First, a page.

Church and its theology have remained constant, despite changing
Independent Catholicism often possesses another model in which
"the priesthood remains constant, while the church it serves and the
theology it teaches are often in a state of flux. While some western
Christians may see this state of affairs as a distortion, it is
nonetheless the centerpiece of the independent sacramental inheritance
from the west."
Plummer aptly notes: "Independent sacramental Christians have given a
unique primacy to the priesthood, carrying the 'priesthood of all
believers' to an extent never before envisioned. In many such
churches, most or all of the members are ordained, with ordination
functioning more like [the sacrament of confirmation], rather than a
professional credential. For better or worse, there is great freedom
to create new church structures, new forms for the sacraments, and new
theologies, or at least a new synthesis of inherited elements."
Many Independent Catholic communities are small, are led by an unpaid
clergy, and lack a stable schedule and/or location. Larger
Independent Catholic communities have often resulted from schism
within the Roman
Catholic Church and/or are often led by clergy who
were formed by and formerly ministered to the
Roman Catholic Church;
these communities often resemble mainstream churches, with a larger
population of laity and a small number of paid clergy. In
Independent Catholicism, freelance ministries meeting the needs of a
small number of persons are far more common than large parishes.
While many Independent Catholic clergy and communities affirm the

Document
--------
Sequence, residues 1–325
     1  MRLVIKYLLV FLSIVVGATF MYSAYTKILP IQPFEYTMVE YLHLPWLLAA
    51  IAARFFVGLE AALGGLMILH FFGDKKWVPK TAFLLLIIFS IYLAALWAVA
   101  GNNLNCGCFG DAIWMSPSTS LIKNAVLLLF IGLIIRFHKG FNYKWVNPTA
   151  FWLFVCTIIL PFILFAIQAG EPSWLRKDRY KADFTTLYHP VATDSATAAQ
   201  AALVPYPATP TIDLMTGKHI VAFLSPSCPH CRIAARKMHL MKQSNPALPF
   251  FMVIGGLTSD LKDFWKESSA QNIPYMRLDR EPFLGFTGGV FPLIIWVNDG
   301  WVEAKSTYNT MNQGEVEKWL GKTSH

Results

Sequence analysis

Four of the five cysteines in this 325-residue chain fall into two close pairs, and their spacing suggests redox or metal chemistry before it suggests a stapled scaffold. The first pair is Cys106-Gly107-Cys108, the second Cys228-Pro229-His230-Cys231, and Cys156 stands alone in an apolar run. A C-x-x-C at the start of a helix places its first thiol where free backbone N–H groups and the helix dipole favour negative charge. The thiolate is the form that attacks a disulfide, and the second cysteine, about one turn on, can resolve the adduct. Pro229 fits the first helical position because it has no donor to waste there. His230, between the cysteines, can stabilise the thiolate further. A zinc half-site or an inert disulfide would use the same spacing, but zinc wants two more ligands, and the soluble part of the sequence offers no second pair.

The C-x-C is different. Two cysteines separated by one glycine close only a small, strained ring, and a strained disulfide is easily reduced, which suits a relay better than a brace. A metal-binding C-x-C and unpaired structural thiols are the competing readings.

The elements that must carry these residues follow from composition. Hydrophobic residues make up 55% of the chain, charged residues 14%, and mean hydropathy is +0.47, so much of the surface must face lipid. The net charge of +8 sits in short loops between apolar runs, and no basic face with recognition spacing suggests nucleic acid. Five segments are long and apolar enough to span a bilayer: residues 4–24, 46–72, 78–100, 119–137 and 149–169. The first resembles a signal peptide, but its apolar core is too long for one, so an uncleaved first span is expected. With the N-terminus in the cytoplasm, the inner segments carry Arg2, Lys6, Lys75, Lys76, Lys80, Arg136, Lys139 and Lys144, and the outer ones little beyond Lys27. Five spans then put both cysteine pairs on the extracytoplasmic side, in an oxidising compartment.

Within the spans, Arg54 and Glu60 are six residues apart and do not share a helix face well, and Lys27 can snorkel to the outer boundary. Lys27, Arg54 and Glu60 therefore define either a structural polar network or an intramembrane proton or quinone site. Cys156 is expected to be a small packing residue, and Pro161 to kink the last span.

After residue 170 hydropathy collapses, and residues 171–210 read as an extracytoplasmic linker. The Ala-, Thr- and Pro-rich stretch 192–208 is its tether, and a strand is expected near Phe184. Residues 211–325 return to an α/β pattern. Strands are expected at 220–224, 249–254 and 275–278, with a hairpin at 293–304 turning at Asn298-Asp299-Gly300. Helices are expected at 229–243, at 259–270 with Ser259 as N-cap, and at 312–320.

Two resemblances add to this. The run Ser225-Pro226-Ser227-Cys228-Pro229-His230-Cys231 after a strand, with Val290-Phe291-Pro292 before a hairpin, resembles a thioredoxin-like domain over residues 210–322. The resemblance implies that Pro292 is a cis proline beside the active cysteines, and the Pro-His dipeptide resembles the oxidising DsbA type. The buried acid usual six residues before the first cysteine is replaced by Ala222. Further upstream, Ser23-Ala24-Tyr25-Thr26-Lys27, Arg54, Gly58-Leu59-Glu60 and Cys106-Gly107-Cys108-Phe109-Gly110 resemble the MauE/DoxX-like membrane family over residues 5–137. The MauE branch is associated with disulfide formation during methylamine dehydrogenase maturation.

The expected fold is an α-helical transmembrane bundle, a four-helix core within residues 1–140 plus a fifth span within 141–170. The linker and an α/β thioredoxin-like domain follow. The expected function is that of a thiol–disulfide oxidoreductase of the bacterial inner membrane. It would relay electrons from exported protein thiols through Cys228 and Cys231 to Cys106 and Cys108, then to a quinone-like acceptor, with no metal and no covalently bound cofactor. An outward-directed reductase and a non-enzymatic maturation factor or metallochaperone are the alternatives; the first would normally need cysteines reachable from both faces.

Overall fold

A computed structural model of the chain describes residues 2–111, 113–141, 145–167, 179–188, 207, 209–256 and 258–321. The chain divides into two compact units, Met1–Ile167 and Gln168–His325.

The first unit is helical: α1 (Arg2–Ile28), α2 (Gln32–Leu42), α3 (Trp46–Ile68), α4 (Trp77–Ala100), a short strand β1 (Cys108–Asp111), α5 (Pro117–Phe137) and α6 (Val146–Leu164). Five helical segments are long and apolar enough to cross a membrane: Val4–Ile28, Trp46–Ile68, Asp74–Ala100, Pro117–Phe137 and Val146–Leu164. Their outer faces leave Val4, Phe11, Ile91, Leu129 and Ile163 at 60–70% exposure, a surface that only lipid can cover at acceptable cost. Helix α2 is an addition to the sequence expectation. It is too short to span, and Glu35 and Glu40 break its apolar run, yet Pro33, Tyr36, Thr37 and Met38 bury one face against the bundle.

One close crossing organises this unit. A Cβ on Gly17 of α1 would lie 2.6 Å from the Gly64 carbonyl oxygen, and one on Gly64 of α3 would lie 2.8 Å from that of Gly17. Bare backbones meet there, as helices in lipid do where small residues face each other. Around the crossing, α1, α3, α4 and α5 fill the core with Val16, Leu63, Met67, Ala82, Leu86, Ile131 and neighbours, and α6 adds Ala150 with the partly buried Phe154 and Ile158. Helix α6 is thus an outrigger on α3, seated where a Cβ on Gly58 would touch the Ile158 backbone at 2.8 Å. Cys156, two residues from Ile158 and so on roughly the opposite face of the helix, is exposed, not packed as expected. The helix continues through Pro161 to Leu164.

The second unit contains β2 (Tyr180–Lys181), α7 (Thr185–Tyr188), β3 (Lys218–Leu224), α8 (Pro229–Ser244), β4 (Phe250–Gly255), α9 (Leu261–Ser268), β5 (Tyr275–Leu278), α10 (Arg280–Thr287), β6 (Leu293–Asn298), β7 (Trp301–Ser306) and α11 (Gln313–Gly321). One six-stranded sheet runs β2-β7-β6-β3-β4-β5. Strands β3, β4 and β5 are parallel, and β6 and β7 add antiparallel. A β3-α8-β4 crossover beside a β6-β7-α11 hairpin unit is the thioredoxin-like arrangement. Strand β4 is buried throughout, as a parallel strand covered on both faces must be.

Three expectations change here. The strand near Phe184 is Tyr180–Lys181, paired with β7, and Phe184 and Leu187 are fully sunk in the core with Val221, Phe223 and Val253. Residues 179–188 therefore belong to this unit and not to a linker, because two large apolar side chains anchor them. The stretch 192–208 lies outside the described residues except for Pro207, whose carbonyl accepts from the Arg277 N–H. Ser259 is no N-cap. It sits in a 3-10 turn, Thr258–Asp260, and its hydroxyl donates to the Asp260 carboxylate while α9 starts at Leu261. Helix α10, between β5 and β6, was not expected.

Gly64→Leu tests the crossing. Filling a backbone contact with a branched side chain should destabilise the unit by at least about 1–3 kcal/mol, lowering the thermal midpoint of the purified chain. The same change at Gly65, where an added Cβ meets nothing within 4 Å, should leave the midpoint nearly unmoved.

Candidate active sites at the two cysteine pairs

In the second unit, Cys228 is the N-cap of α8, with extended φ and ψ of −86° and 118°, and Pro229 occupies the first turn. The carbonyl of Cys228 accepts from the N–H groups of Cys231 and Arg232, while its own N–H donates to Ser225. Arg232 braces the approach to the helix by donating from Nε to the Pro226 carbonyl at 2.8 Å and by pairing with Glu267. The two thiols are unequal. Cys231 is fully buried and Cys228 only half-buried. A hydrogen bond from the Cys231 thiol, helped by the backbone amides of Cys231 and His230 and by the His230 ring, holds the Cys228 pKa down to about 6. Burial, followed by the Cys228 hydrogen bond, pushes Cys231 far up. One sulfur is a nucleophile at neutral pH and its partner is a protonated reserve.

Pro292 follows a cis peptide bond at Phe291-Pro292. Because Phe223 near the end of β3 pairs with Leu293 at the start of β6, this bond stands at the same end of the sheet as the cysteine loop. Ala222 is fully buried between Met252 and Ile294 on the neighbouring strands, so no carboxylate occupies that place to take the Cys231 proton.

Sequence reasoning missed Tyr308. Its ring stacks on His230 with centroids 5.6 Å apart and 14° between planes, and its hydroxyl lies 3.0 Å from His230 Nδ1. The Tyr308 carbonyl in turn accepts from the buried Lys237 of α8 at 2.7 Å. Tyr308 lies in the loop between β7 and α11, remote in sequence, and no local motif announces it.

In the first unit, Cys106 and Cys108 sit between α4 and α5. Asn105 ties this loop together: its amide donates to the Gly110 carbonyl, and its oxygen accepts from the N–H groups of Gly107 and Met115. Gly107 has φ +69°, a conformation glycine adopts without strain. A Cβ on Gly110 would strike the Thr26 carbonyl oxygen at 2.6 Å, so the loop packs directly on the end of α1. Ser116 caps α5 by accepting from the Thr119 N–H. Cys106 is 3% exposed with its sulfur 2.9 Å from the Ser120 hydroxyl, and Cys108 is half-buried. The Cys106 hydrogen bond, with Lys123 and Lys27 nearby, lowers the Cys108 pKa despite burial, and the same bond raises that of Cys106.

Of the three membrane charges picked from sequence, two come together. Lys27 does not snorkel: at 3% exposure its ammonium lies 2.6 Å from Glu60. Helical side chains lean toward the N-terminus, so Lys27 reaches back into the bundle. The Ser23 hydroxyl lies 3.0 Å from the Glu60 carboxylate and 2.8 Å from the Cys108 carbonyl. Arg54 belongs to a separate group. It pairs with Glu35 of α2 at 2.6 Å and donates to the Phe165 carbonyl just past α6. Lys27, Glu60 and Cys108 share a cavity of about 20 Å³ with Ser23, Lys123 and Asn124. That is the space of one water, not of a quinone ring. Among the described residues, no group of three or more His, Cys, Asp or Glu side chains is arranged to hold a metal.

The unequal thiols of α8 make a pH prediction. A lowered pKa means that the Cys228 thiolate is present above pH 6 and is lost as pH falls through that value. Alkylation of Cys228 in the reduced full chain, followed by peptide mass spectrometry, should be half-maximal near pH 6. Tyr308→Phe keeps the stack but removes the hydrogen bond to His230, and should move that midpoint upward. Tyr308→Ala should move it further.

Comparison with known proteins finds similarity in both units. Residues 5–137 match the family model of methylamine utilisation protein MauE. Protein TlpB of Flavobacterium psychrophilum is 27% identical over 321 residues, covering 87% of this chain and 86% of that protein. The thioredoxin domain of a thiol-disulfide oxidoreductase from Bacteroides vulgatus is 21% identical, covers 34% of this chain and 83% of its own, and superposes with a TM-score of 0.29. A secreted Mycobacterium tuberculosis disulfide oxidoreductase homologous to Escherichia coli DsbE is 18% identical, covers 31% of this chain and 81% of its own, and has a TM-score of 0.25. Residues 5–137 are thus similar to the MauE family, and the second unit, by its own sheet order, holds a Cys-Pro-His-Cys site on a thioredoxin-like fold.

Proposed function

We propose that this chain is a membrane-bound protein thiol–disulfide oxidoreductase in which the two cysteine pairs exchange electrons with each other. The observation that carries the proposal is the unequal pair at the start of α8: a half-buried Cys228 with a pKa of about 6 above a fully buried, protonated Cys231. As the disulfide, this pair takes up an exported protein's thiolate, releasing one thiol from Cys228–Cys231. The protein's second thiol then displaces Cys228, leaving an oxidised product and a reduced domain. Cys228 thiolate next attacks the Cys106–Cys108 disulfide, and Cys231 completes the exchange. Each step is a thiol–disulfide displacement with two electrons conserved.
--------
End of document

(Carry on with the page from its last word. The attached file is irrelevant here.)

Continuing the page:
Apostles' Creed and the Nicene Creed, with or without the filioque and
with varying interpretations, they espouse a variety of doctrines and
beliefs, ranging from neo-gnostic and theosophical beliefs allowing
for "freedom in the interpretation of scriptures, creeds, and
liturgies," or the belief in no creed at all, to extremely
Roman Catholic positions. Plummer notes: "The
nature of the movement makes it virtually impossible for there to ever
be a unified theology" among Independent Catholics.
Within the movement of Independent Catholicism, views vary widely on
such issues as the ordination of women, homosexuality, divorce, issues
of conscience, and other issues that are also controversial in other
mainstream Catholic and Christian churches. Drawing from the
Christian tradition and other religious traditions, a
growing number of Independent Catholic clergy and communities espouse
a certain universalism, believing that God's loving embrace and
forgiveness might be extended to all. Sometimes reaching beyond
the bounds of the Christian tradition, some Independent Catholic
clergy and communities feel greater liberty to incorporate into their
lives and their worship a wide ranges of elements from other spiritual
and religious traditions. Independent Catholic communities, often
being quite small, tend to be internally fairly homogeneous on these
and other issues, which means that divisions more often exist between
different Independent Catholic communities, rather than within
specific Independent Catholic communities.
Plummer suggests the following categories for Independent Catholic